B5N2 torpedo bomber wreckage sitting atop Indispensable Reef as it was found on 9 Jun 1942; she was lost during the Battle of Coral Sea

Caption     B5N2 torpedo bomber wreckage sitting atop Indispensable Reef as it was found on 9 Jun 1942; she was lost during the Battle of Coral Sea ww2dbase
Photographer    Unknown
Source    ww2dbaseUnited States National Archives
Identification Code   80-G-7661
More on...   
B5N   Main article  Photos  
Battle of Coral Sea   Main article  Photos  Maps  
Photos on Same Day 9 Jun 1942
Added By C. Peter Chen

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Visitor Submitted Comments

1. Commenter identity confirmed David Stubblebine says:
2 May 2009 10:04:49 PM

This aircraft had tail EI-306 and was one of two “Kate” bombers forced to land on the Middle Reef of the three Indispensible Reefs. Both aircraft had their cockpit areas burned out by their crews and both airframes were removed for study by seaplane tender USS Tangier. The Indispensible Reefs in the NE Coral Sea were used as refueling locations where Japanese submarines refueled scout float planes.
2. Commenter identity confirmed Bill says:
5 Nov 2011 03:28:58 PM

Mr. Stubblebine:


The Japanese used French Frigate Shoals Atoll
about thirty or forty acres, in area as a refueling station for seaplanes, by submarine
Its about halfway between Midway Island and
In 1942 the Japanese attempted to attack Pearl Harbor again, this time using Kawanishi
four-engine H8K Emily Flying Boats to refuel at French Frigate Shoals.

The bombing attack on Oahu Island was three months after the first Pearl Harbor attack,
was disappointing due to heavy cloud cover over the target with bombs falling short of the Harbor by miles.


When the Japanese tried to do this again, after the Battle of Midway in June 1942, they found the US Navy built a Naval Station and the plan was cancelled.

Suggested Reading:

The Second Attack On Pearl Harbor
Steve Horn
Published by Naval Institute Press(2005)
Annapolis, MD
ISBN 1-59114-388-8

3. Commenter identity confirmed Bill says:
18 Nov 2011 07:27:22 PM


The Kawanishi H8K was the largest and best Japanese flying boats of WWII. The Allies
code named her "Emily" the aircraft was a
long-range four-engine machine armed with
5x20mm cannons and 5x7.7mm machine guns she could also carry 2x800kg/1,764lb torpedos,
or 1000kg/2,205lb of bombs or depth charges.

Emily had a crew of ten, she could carry
twenty-nine passengers or sixty-four troops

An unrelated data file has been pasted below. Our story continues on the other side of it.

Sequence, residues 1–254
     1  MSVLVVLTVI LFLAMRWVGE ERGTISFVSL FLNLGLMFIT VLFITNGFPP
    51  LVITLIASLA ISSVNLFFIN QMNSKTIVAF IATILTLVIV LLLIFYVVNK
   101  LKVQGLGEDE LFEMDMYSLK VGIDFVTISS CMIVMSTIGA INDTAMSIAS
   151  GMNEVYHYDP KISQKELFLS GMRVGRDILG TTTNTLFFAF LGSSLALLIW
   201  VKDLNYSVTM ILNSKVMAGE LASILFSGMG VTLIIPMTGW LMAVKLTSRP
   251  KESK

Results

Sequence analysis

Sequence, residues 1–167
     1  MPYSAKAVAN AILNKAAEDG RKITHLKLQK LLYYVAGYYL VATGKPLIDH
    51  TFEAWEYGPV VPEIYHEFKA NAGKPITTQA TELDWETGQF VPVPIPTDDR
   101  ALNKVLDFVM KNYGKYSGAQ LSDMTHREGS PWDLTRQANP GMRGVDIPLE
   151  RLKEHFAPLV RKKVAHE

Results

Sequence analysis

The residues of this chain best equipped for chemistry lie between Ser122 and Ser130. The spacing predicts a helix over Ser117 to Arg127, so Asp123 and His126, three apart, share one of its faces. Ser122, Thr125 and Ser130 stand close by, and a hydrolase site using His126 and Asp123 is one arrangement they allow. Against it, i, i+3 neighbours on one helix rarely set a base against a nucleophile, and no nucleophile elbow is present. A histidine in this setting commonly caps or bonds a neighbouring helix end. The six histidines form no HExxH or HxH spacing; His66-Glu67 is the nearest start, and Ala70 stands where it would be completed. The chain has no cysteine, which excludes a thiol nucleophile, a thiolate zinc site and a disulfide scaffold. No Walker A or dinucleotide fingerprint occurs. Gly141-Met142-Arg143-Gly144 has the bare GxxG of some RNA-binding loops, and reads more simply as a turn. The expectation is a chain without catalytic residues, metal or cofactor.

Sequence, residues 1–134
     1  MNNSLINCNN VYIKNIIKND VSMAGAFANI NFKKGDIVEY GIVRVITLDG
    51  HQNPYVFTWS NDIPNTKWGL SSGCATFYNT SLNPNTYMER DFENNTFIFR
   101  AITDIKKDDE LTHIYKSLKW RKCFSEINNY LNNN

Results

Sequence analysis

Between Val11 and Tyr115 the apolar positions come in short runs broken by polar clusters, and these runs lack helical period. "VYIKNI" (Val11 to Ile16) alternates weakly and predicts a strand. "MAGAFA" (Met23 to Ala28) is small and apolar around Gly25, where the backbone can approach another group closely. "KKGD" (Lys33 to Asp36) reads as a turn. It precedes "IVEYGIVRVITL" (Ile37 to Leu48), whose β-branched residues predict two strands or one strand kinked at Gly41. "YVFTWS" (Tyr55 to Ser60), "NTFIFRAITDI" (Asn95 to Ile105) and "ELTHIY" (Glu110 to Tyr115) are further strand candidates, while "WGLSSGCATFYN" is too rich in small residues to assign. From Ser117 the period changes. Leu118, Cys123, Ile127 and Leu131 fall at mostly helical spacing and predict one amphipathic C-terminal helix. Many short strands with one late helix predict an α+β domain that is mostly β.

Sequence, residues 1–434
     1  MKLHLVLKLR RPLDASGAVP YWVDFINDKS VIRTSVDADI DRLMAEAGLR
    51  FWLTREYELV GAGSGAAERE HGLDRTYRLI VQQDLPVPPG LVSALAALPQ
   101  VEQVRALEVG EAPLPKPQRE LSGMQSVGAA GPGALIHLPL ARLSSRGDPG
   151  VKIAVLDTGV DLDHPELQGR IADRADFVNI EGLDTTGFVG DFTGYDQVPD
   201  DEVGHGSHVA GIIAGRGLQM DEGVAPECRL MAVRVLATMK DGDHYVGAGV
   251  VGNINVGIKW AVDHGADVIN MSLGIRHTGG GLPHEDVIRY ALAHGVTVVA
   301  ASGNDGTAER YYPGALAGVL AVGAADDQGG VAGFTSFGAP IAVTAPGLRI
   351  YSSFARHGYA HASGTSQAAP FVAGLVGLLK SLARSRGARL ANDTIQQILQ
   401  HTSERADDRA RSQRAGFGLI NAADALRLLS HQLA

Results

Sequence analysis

her range was 7200km/4,474 miles.
At the end of WWII four H8Ks survived one was turned over to the US Navy, the others used as parts to make one airworthy, the work was done by the Japanese, ferried to US forces aircraft was shipped to the USA for testing from 1946 to 1947.
Aircraft was later returned to Japan in 1979
of the one hundred and sixty seven built between 1941 to 1945 one has survived and is now on display at Kanoya Air Base in Japan.
The pilot who made the ferry flight to US forces later became an Admiral in the JMSDF.
Japanese Maritime Self-Defence Force

one hundred and sixty seven were built between 1941 to 1945.
4. Commenter identity confirmed Bill says:
31 Jul 2012 07:42:02 PM

MORE ABOUT KATES E1-306 & E1-302:

Nakajma B5N(Kates)were assigned to Shokaku Air Group, a/c E1-306 has white vertical stripe on fuselage and horizontal stripe below tail number, camouflage color appears dark green.

Two B5Ns were launched E1-306 & E1-302 at the start of the Battle of Coral Sea.
a/c took off in search of US ships, both kates spotted the Oilier USS Neosho and its escort the Destroyer USS Sims.Kates loitered in area too long, ran low on fuel, unable to return to Shokaku, both a/c flew to area called Indispensable reef and ditched, both crews survived and made attempt to destroy a/c cockpit area was burned, crews were later rescued by Japanese Dstroyer Ariaka.

Aircraft were later spotted by PBY Catalina
flying boat. Personnal were detailed to inspect and remove aircraft, information was later sent on to ATIU-SWPA.

Air Technical Intelligence Unit-South West Pacific Area.

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